My boyfriend, Tim, asked me if there was something wrong with me today. I usually say no, but he’ll always make sure if I’m really okay. I eventually say actually yes because I’m frustrated at myself because I create this social anxiety upon myself which prevent me from doing fun things! I am my own enemy! He then gave me a shocked look and said, “huh”? I told him never mind and that it’s too complicated to explain.
It is too complicated for myself to even think about it.
To be honest, thinking about it will only just make everything worse.
My therapist gave me a scenario at our last session. He told me to imagine a huge flood. I’ll be in the water, with it being high up to my neck, what is my first thought? I said, “I’d be scared for sharks to be in the water with me.” He then told me how surprising that answer is. He said if someone asked him the same question, he would say that he would figure out how to get the heck out of the water and on land. I was like, oh yeah! That too. The whole point of the metaphor was that the flood was my depression, and I’m trying to deal with getting out of it, or what to do after the flood is gone. However, that brought up another point. He said that it’s interesting that I said a shark because that shows that I’m more worried and scared about something that might or might not be there.
I was SHOOK. He was right. I thought it was pretty logical at the moment because usually fishes and sharks are in the water too sometimes, but usually surviving from the flood should’ve been prioritized. I am creating fears in my brain. What if there are sharks? What if I drown? What if no one will ever find me? Which is normal for a human being sometimes, but is it better to float there and worry about all that, or figure out how to get out of the water? The latter sounds a bit better in theory.
That’s why I am so frustrated.
I don’t physically see the sharks. I am getting myself ready for the sharks. I have the choice to stop worrying about the sharks, but it scares the heck out of me. I’m rambling again. The real reason why I’m writing this post is that I got invited to go out with some co-workers. Actually, I’ve been invited to a lot of things with my co-workers. One of my co-workers always suggests that I should come over for dinner. Another co-worker asked me to come over to play board games. This co-worker today and a few days ago asked me if I wanted to go out to a club or something downtown. I said no to all of them. It isn’t because I don’t like them, or dinners, or board games, or clubbing.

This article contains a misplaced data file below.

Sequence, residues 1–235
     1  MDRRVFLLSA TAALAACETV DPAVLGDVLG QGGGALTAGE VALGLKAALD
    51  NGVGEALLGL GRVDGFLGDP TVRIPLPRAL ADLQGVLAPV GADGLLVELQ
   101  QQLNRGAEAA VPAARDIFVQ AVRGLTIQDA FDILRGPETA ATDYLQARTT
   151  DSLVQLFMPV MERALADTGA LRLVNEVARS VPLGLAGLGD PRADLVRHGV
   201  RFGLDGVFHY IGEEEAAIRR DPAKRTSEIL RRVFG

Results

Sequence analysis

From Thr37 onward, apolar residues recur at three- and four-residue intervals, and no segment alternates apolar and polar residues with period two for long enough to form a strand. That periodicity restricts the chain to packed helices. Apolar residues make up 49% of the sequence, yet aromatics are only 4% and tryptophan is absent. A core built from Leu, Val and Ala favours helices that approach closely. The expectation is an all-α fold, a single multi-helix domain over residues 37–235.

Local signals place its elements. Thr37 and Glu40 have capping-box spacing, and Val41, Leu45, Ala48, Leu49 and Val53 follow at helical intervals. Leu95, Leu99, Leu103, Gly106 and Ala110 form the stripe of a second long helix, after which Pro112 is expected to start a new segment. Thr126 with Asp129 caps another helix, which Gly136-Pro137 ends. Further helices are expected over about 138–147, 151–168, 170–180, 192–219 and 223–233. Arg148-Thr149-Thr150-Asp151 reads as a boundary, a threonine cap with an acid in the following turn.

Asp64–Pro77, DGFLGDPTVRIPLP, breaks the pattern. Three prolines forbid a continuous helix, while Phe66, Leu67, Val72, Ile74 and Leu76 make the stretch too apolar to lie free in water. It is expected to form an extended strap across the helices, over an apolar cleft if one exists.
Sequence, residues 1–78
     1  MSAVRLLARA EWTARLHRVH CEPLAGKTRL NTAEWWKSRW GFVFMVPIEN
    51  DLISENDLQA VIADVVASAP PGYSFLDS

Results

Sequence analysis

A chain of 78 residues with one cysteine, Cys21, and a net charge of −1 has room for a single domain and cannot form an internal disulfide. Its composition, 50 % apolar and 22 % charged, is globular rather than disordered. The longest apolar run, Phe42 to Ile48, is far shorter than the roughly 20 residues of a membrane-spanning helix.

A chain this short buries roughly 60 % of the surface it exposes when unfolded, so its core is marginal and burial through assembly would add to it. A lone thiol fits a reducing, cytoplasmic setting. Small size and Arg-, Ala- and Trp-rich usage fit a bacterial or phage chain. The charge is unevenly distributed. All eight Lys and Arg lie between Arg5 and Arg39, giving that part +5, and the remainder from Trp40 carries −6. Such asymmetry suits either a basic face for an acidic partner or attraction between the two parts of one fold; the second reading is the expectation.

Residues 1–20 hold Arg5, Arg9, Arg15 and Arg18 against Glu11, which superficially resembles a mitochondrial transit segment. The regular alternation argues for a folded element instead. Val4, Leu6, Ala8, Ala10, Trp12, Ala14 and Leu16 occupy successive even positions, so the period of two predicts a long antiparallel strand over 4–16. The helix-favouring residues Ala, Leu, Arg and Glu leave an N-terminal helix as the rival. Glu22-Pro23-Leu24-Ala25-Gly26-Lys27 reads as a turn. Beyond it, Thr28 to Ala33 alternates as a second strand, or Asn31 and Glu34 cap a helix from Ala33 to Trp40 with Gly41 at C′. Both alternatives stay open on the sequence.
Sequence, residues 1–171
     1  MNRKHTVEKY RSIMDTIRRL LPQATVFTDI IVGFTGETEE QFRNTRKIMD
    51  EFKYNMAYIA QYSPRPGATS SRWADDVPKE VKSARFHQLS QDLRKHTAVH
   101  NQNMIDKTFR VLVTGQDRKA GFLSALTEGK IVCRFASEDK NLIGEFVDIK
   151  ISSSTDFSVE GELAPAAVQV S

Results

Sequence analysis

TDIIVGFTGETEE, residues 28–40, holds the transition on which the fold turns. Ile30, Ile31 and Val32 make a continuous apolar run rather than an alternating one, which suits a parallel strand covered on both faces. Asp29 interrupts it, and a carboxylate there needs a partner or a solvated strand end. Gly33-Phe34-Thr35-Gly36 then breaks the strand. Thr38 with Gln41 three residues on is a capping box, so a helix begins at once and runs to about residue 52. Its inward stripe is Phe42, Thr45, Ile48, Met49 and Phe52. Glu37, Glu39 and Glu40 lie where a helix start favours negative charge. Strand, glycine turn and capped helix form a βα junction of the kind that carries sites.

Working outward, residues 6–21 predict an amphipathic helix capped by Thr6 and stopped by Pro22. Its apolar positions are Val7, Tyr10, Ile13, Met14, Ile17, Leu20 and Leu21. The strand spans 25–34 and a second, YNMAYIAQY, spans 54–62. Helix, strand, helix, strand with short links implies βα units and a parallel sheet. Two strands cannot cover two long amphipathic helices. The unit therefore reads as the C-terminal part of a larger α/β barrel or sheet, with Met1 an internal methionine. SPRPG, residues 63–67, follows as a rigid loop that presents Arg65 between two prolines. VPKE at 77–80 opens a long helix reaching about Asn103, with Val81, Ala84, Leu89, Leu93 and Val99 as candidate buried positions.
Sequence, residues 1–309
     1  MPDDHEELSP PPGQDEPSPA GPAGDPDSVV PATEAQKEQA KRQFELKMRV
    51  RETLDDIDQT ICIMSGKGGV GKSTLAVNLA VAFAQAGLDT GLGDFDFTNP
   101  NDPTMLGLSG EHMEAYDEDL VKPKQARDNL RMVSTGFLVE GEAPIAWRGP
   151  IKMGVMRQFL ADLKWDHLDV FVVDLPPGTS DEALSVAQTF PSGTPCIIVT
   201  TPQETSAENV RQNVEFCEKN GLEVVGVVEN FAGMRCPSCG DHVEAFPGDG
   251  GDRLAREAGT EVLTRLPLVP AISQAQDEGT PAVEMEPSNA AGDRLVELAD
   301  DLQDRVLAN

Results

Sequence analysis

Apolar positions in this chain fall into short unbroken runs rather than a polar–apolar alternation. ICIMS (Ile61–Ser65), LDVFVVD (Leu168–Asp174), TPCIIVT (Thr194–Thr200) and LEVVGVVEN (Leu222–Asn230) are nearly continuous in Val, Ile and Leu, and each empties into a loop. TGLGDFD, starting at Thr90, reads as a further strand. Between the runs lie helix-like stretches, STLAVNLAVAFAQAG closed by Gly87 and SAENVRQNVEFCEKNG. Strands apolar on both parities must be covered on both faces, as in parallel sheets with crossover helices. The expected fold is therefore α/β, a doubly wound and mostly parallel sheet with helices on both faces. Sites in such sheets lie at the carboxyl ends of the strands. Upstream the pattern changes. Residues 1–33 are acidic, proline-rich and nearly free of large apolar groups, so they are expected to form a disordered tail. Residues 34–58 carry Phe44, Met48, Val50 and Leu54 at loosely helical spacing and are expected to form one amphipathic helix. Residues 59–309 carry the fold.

It’s because I’m scared how uncomfortable I’ll feel.
What will we talk about? What if I don’t know how to play their board games? What if they’re having fun but I don’t know how? I always felt weird about hanging out with co-workers outside of work because I always talk about work. I never know what else to talk about, which makes me feel so awkward.
My therapist and a few other people say that ones with anxiety overcome it by embracing it. They do things that make them anxious, and they are okay with how uncomfortable they are. The real question I want to know is how do they start? How does one just do it? My therapist says I’ve done “it” many times, but I only focus on the negative so I don’t notice. I feel like it’s a magic bullet. There is no magic bullet. Even if there is, I definitely haven’t been shot by it.
I guess I’m writing this to express how I feel and hoping it’ll tell me something. Because I’m sick and tired of feeling this way. I want to have fun. I want to do things that can make me feel better. I want to swim the ocean peacefully, knowing that there are sharks. My brain is running an endless marathon, and I just want to take a break.
Well, this is just one hump I have to get over.
I feel like I won’t ever cure my anxiety completely, but I believe in myself to keep trying.